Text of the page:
However, if you look up a table, the electronegativity difference between bismuth and fluorine is 1.96, which although is conventially ionic, is really between the two.

Hence, it gets named as bismuth pentafluoride as well as bismuth (V) fluoride (this name is also on the same Wikipedia page).

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  • $\begingroup$ so if nothing is ever completely either one does that mean either naming system(roman numeral or prefix) is appropriate for any bond? because my school has always stated that it is one or the other and is never both unless you have a polyatomic ion and a nonmetal bonded $\endgroup$ – Mohammad Ali Sep 19 '16 at 22:50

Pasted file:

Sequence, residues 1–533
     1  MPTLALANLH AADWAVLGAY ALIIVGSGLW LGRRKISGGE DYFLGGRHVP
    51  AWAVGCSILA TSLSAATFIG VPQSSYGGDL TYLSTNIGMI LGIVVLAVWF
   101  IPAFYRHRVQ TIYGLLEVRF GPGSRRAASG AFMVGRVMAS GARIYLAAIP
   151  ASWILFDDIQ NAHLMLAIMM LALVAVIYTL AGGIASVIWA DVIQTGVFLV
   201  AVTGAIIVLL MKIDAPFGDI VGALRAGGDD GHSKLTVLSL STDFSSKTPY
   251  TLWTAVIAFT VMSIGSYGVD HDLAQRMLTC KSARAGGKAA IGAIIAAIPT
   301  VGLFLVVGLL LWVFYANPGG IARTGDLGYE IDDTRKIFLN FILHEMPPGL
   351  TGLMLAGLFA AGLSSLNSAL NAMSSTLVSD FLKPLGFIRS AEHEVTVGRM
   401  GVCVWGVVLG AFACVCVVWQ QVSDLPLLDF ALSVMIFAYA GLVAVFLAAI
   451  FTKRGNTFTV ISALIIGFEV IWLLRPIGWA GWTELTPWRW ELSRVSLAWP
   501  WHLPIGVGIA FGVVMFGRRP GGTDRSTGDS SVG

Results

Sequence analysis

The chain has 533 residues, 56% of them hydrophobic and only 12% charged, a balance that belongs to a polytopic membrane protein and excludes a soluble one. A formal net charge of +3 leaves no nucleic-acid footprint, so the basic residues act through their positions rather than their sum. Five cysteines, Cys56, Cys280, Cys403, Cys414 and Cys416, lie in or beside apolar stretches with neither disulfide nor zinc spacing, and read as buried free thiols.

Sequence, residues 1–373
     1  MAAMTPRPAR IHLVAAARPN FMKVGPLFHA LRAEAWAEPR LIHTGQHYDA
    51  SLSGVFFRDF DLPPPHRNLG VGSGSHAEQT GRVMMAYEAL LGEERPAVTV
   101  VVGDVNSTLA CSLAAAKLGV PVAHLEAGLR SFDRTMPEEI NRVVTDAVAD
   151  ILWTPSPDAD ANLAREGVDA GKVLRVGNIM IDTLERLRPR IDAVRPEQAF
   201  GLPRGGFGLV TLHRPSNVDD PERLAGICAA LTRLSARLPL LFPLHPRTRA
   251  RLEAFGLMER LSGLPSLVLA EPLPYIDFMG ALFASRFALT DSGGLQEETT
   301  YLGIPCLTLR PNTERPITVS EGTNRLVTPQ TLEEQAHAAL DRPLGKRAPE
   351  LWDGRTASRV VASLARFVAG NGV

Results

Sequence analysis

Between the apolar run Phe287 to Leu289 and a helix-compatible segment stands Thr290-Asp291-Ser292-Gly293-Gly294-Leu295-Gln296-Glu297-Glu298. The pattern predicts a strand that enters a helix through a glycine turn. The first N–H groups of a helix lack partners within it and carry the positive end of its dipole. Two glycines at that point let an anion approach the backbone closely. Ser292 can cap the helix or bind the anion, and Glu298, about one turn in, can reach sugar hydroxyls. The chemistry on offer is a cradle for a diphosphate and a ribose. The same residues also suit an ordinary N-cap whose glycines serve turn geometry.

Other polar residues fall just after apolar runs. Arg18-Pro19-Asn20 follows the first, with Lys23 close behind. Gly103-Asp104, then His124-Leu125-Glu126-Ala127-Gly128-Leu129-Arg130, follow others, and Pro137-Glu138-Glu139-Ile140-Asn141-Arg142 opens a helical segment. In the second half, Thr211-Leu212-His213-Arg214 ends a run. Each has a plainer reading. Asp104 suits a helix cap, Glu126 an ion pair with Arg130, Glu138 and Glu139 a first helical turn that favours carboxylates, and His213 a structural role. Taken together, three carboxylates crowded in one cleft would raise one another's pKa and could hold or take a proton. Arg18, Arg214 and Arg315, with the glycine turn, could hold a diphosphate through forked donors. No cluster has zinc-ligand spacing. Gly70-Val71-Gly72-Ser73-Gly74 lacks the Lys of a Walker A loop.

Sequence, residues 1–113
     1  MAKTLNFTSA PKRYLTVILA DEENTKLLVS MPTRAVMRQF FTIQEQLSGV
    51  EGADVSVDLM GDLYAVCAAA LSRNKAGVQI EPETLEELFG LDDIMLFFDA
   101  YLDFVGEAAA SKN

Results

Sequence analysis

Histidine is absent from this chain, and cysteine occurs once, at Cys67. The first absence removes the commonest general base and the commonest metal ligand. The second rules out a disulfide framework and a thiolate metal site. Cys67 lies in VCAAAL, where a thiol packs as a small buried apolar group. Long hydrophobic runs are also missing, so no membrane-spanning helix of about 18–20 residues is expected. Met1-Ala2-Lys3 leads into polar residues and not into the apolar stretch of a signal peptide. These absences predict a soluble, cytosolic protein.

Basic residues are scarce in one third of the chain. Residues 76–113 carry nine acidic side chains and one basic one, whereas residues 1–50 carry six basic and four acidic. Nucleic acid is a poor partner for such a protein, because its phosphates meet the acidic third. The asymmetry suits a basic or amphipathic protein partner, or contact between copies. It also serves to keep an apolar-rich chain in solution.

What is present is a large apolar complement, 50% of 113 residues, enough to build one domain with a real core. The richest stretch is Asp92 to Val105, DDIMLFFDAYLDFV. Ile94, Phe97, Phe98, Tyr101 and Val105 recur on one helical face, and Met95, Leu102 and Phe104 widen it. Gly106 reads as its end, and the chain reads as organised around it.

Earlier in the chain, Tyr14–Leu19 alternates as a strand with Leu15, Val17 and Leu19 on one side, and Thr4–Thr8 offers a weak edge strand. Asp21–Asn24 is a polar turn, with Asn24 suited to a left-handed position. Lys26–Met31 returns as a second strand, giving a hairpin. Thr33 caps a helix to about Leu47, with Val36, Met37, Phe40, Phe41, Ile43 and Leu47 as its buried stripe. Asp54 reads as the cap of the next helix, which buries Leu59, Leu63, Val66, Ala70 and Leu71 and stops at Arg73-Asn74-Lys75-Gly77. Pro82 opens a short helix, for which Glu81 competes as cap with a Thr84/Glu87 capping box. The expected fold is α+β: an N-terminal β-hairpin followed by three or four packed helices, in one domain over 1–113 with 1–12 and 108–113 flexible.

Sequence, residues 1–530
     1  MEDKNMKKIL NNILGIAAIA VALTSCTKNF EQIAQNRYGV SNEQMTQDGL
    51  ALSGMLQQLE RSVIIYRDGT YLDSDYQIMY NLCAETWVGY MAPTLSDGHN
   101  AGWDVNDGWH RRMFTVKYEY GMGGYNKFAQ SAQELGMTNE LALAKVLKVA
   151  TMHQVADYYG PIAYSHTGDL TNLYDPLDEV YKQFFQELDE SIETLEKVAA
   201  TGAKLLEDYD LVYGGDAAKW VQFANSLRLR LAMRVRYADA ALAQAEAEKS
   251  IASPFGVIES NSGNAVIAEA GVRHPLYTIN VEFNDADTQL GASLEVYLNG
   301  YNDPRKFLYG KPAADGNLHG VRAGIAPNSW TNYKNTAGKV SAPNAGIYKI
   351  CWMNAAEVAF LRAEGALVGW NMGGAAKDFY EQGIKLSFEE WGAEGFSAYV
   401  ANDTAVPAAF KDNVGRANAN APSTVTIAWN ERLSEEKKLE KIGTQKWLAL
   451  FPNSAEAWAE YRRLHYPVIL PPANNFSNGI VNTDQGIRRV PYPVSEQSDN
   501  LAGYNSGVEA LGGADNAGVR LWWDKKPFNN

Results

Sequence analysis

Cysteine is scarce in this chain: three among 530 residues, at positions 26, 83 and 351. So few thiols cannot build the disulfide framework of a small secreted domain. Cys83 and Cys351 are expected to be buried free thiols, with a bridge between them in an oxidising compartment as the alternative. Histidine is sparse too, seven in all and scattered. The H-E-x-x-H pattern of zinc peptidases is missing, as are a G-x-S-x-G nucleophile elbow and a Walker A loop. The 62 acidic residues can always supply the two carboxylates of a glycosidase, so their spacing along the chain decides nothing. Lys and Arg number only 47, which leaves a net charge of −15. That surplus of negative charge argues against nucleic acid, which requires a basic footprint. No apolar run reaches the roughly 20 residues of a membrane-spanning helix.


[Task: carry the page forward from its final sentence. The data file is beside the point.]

• $\begingroup$ @MohammadAli For example, CO2 clearly has more covalent character than ionic, so the covalent naming is used. In this case, since it is really around the middle, both namings are used. (Also, the polymer structure looks covalent to me.) $\endgroup$ – DHMO Sep 19 '16 at 23:44
  • $\begingroup$ my teacher just emailed me so if i don't call 2 non metals covalent and a metal and a non metal ionic bonding i don't get the mark, but I'm sure you know what your doing so I'm going to mark this as the right answer and upvote $\endgroup$ – Mohammad Ali Sep 19 '16 at 23:46
  • $\begingroup$ @MohammadAli I am quite sure your teacher would agree that BeH2 is covalent although it is metal + nonmetal... the reality is more complicated than that. $\endgroup$ – DHMO Sep 19 '16 at 23:50
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    $\begingroup$ for partial covalent character in ionic bonds see fajan' rule and for partial ionic character of covalent bonds see pauling equation or hannay and smith equation $\endgroup$ – Vidyanshu Mishra Sep 20 '16 at 5:05